These figures have shown that over West Africa, AEW troughs mainly comprise air sourced from over East Africa that propagates along the easterly jet with the troughs and from low-level monsoonal inflow from the Gulf of Guinea. This flow is a typical climatological view of the West African monsoon, although the trajectories have not shown a substantial source of trajectories from north of the AEW troughs while they are over the continent. As the troughs move over the coast and the eastern Atlantic, low-level flow from the northwest becomes increasingly dominant with a relatively fast route for air to reach the troughs’ centers. This inflow pathway was predominantly between 800 hPa and the surface, over the ocean and close to the coastline. This low-level non-Saharan air is likely dust free and undercutting the typical dusty air from the Sahara (Carlson and Prospero 1972). A detrimental impact of this low-level air was recently suggested by Brammer and Thorncroft (2015) and Schwendike et al. (2016) for eastern Atlantic tropical cyclogenesis from AEWs. Although this route for trajectories is low in the atmosphere, the low-level trade wind flow remains above the boundary layer and thus separated from the oceanic surface fluxes due to the very shallow marine boundary layer; over the Mauritanian upwelling region the boundary layer can be as shallow as 200–300 m (Lee et al. 2010).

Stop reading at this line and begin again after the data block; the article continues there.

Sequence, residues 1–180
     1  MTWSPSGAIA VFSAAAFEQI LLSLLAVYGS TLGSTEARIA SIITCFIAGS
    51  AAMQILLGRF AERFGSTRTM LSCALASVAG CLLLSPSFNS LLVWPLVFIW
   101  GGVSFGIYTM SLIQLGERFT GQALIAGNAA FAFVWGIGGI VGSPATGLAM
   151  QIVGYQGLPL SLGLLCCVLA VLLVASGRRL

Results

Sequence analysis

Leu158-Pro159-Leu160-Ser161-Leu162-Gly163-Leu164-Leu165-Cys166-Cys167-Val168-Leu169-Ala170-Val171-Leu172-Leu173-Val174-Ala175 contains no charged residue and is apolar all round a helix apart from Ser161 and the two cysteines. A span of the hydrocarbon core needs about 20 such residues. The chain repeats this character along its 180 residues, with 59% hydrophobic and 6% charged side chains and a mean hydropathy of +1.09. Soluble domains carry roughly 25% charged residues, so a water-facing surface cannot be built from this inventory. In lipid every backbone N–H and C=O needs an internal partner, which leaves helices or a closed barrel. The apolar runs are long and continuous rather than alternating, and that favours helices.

c. Cluster analysis of trajectories

The composite analysis of trajectories highlights different routes toward the troughs at different levels and how this varies across different regions. To quantify changes in the characteristics and contribution of the relative source regions, the trajectories were clustered into five clusters with respect to the −120-h trough relative location and equivalent potential temperature using a K-means algorithm. Figure 6 shows the trough relative source regions and flow routes for each cluster of trajectories. As three variables were used to cluster the trajectories there is some overlap of the clusters in both the spatial map (Fig. 6a) and the thermodynamic plot (Fig. 6b); however, points that overlap spatially should be distinct thermodynamically and vice versa.

Fig. 6.

(a) Geographical distribution of clustered trajectory source regions in trough-relative frame. Cones represent the origin and flow route of each cluster of the 120-h back trajectory. Cones are calculated as the median trajectory 1 standard deviation of across route variability. (b) Two-dimensional box-and-whisker plots of pressure and equivalent potential temperature for trajectory source characteristics within each cluster. Boxes contain the inner quartile range and whiskers extend to the 5th and 95th percentile.

Fig. 6.

(a) Geographical distribution of clustered trajectory source regions in trough-relative frame. Cones represent the origin and flow route of each cluster of the 120-h back trajectory. Cones are calculated as the median trajectory 1 standard deviation of across route variability. (b) Two-dimensional box-and-whisker plots of pressure and equivalent potential temperature for trajectory source characteristics within each cluster. Boxes contain the inner quartile range and whiskers extend to the 5th and 95th percentile.

The five cluster source regions can be briefly summarized as follows: